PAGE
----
A note about notebooks

Jane Moss mulls over the value of the writer’s notebook.

More thoughts from our May retreat… Patrick Gale showed us his notebook, a handsome leather affair, slightly larger than A4, a giant wallet into which the paper notebook can be inserted. He talked about his process and the way he writes at the front of the book while keeping his notes in the back. Patrick writes his first drafts in long hand, using a fountain pen and distinctive brown ink. He writes freely, exploring the story, and makes notes in the back pages about anything he needs to research and random ideas as they occur to him. He makes character sketches and draws plot diagrams. It is a neat system and it works for him.

IMG_1546The writer’s notebook is an essential piece of kit. It can come in all shapes and sizes, be chosen from the wonderful array available in bookshops and stationers, or it can be a gift. One of my favourites was given to me as a leaving present by a writing group I worked with for several years. On the front cover it has the word ‘journal’ calligraphed in a style that makes it readable upside down, as well as the right way up. Genius.

People who paint don’t necessarily carry their brushes around with them. People who play a musical instrument won’t always be seen with the violin or trombone under their arm. But someone who writes should really have a notebook secreted about their person, in a back pocket or a bag. If you don’t, you can be sure that an idea, image or fragment of dialogue will pop into your thoughts at just the moment when you can’t write it down. I once begged the man at the supermarket fish counter for the pencil behind his ear, so that I could write something down. I knew that if I didn’t, it would evaporate by the time I got home. That was in the days before smartphones. Now, I use the notepad on my phone, or a text to myself, to record ideas as they come to me.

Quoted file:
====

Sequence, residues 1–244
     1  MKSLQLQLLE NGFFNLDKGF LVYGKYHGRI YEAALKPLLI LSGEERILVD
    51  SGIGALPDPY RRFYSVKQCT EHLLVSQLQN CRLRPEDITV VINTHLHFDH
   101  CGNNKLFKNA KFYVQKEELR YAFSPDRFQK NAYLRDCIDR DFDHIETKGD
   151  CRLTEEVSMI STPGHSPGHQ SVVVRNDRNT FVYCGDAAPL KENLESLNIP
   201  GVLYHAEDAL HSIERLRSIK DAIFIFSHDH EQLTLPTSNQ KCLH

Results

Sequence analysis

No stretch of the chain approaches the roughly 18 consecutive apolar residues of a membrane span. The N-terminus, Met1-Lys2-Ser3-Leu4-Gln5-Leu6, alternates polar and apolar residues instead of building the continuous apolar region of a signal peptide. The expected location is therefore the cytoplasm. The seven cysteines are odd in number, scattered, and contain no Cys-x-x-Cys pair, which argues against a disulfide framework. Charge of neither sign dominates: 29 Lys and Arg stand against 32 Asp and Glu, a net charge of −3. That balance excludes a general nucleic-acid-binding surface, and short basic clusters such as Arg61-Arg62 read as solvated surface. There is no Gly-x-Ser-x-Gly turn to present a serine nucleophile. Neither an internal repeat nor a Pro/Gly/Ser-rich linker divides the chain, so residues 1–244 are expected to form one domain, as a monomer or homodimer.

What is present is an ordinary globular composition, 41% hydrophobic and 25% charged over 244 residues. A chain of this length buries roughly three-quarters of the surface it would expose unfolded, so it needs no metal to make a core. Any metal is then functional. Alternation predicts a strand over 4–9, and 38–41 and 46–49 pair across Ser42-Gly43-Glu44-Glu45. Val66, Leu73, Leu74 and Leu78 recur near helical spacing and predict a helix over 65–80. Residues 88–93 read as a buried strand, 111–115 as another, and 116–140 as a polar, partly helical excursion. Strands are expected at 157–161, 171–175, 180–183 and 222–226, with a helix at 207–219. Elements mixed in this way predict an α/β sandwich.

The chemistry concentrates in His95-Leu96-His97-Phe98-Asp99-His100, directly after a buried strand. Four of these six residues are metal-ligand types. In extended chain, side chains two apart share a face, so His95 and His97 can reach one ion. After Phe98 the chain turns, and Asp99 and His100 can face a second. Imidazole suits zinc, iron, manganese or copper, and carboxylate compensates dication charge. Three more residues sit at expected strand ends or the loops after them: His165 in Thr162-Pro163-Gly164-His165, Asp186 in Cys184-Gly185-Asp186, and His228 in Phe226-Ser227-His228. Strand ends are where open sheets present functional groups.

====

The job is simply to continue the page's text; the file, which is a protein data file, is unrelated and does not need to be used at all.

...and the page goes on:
IMG_1547As your notebooks fill up, hang on to them. I have a shelf at home which, over the years, has become a long line of notebook spines. Mine are mostly A5, in an array of patterns and colours including a Liberty print, florals, stripes, spots, and one with a Union flag and the ‘Keep Calm and Carry On’ slogan. I have a beautiful A4 one which I found in Mexico, Frida Kahlo emblazoned on the cover, edged with glitter. I’m keeping her for something special.

IMG_1548

When they are full, I never throw them out; they become a store of random scribblings, character notes, journal entries and draft poems into which I delve from time to time for inspiration or to be reminded of something that once caught my attention. Over time the writer’s notebook becomes a valuable resource.

They have a use for non-writers too. If you are ever stuck for a birthday or Christmas gift for the writer in your life, give them a new notebook. Or if, as now, you find that some of the people you care for are feeling stressed about the EU referendum, give them a notebook and invite them to vent and rant on the page.

They will feel better for it.

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About joinedupwriters

I'm a writer. I also teach and counsel. My book, Writing in Bereavement, A Creative Handbook is published by Jessica Kingsley Publishers.
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One Response to A note about notebooks

  1. Anonymous says:

    You forgot to say the best part about his notebook was the pocket at the front to hold chocolate biscuits!

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